Editors' BlogAugust 28, 2007

Stack & Tilt: Medical Issues

This is long, but it's worth it. It's from a leading orthopedic surgeon, Dr. H. Morton Bertram III, of Naples, Florida, who speaks to the question of joint and back strain in the Stack & Tilt swing, both from the perspective of a doctor and of a good player who has adopted the swing:


I feel uniquely qualified to comment on the "Stack and Tilt" swing theory. I am an orthopaedic surgeon that specializes in the surgical treatment of the arthritic knee and hip and have been a scratch or better player for the last 34 years. First of all, > this swing is not new. I have looked at pictures of Snead and Hogan swinging the golf club since I was 14 years old. The one thing I noticed, but was ashamed to comment on for fear of being ridiculed, was how much on their left sides they stayed during the golf swing. It is most noticeable when viewed from behind the person swinging the club. Hogan was quoted as saying one time when asked about putting weight on his right side during the swing, "why would I do that when this (on his left side) is where I want to end up". Nicklaus always stayed, as he puts it, "on top of the ball". His swing had unique idiosyncrasies because he had polio as a child and had one leg shorter than the other. When he set up to the ball, his pelvic tilt from his leg length discrepancy made him appear more on his right side at address than he actually was. With his narrow stance, he did not have any significant weight shift. Snead, the most gifted athlete to ever play the game, also was on his left side during the entire swing. I applaud Plummer and Bennett for speaking their minds and sticking to their guns. They have been working on this formula for years, and it is not something they have tried to sensationalize or publicize in any way. The word has just gotten out because of their pupils' incredible successes. From a purely musculoskeletal point of view, this swing is easier on all parts of the body than what is currently taught. It is easier on the back, and there is not one iota of truth that this will cause knee or hip problems. It does not require more flexibility, quite the contrary. If this stiff 50-year-old can hit the ball better and longer with this swing, and I can, anyone can improve their ball striking.....>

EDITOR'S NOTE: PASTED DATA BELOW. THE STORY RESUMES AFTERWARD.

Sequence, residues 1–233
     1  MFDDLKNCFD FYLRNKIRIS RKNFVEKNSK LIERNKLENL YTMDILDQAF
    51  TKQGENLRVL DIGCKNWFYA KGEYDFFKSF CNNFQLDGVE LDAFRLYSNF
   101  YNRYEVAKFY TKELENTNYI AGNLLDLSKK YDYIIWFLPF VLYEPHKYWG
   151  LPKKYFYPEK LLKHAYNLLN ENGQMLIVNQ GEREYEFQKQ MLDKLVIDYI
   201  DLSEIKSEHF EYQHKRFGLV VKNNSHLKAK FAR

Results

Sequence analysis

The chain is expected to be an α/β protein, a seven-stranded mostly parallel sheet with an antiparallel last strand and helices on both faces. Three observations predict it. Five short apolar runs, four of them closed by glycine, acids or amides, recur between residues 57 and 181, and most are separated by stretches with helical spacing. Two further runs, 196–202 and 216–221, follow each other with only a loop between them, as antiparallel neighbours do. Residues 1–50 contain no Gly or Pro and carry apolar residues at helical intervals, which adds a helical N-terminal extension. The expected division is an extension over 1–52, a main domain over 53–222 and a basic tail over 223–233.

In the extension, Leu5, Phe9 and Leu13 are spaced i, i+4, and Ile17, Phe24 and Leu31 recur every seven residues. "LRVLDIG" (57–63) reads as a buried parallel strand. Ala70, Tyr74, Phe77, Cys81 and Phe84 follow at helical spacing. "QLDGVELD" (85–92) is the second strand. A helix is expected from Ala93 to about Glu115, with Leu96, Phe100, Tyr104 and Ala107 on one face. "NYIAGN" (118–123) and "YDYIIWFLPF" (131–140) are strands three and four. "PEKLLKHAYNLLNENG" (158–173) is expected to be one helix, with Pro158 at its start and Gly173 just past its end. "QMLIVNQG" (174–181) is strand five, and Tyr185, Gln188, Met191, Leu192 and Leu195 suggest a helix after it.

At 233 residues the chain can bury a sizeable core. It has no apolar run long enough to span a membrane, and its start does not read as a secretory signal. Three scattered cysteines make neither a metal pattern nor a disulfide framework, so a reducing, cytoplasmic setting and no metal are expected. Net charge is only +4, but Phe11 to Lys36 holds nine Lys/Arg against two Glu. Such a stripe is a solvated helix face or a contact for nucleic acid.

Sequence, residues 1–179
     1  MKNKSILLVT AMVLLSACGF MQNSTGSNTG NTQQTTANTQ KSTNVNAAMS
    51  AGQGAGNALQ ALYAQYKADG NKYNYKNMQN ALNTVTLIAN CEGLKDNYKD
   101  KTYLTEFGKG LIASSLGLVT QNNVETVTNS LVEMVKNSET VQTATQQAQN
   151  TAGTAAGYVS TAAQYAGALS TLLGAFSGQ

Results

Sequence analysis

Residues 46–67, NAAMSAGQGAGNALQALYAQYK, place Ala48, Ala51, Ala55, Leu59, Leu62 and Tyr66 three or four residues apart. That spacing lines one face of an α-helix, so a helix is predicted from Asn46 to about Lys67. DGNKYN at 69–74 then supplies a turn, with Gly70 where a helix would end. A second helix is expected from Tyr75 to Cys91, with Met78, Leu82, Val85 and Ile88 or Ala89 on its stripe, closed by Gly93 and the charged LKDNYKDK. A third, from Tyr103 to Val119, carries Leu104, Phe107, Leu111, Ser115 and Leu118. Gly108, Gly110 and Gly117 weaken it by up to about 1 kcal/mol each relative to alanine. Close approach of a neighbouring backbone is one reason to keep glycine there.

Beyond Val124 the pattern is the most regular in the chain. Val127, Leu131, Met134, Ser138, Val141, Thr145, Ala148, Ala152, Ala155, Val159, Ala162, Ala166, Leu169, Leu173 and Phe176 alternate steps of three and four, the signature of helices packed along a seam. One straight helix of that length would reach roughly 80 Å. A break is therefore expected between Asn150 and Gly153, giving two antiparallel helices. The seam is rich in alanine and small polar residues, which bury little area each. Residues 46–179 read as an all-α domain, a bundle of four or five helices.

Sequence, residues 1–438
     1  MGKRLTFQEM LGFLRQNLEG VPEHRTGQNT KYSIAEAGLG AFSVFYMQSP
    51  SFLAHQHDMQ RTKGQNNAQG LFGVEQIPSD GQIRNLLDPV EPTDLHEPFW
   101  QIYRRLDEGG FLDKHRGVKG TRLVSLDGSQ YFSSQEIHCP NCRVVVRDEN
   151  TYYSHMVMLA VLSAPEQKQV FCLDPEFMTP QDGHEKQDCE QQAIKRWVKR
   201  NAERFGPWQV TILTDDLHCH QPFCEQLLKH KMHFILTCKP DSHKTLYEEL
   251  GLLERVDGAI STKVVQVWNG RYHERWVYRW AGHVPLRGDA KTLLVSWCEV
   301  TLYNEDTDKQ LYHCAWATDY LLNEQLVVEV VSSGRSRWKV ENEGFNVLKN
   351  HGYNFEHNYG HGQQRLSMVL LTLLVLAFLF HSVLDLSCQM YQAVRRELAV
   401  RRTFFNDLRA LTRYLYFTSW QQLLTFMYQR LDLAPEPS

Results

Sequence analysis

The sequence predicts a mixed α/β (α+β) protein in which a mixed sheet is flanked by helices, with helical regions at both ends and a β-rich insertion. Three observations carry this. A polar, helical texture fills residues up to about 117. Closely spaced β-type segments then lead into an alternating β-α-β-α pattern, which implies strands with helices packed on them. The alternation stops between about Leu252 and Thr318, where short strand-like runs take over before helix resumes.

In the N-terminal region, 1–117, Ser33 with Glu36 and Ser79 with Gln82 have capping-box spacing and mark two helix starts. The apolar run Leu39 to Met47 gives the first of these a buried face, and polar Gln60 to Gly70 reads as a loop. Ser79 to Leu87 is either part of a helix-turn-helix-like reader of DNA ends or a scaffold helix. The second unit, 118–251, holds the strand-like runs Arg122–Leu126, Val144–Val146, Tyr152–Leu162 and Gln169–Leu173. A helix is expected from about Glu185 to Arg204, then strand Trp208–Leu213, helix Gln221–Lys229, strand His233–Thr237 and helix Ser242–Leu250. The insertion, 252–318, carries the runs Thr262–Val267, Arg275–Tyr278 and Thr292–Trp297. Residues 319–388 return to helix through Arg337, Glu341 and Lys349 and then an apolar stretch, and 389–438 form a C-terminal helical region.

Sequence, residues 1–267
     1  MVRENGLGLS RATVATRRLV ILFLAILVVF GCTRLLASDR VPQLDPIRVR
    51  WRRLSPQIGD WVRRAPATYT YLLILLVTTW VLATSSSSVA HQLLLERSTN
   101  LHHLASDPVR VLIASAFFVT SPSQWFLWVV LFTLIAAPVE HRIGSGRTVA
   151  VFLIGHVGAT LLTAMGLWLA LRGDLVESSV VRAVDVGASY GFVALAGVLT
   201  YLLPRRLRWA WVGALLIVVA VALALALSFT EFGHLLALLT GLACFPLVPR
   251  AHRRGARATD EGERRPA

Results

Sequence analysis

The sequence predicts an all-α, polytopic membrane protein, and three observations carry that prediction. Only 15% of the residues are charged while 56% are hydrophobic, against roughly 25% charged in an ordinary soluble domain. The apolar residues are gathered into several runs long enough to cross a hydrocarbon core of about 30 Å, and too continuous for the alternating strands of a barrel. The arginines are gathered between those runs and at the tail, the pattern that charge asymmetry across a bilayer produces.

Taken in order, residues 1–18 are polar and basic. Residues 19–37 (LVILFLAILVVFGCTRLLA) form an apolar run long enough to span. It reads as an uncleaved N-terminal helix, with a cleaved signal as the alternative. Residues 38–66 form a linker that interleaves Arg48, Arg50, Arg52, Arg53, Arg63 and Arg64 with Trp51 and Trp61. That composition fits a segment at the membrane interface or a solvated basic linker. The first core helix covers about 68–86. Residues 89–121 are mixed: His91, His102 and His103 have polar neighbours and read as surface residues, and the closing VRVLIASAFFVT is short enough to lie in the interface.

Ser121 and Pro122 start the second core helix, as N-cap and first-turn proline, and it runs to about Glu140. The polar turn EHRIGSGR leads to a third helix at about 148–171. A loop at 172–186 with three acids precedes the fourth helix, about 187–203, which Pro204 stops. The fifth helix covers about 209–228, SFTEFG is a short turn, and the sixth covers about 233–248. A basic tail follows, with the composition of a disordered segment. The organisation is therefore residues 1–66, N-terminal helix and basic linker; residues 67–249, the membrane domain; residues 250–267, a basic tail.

Given that we've had players and physical therapists arguing the opposite, one can only conclude that not everyone's doing S&T the same way. Be careful out there.

--Bob Carney

(Sequence photo: J.D. Cuban)

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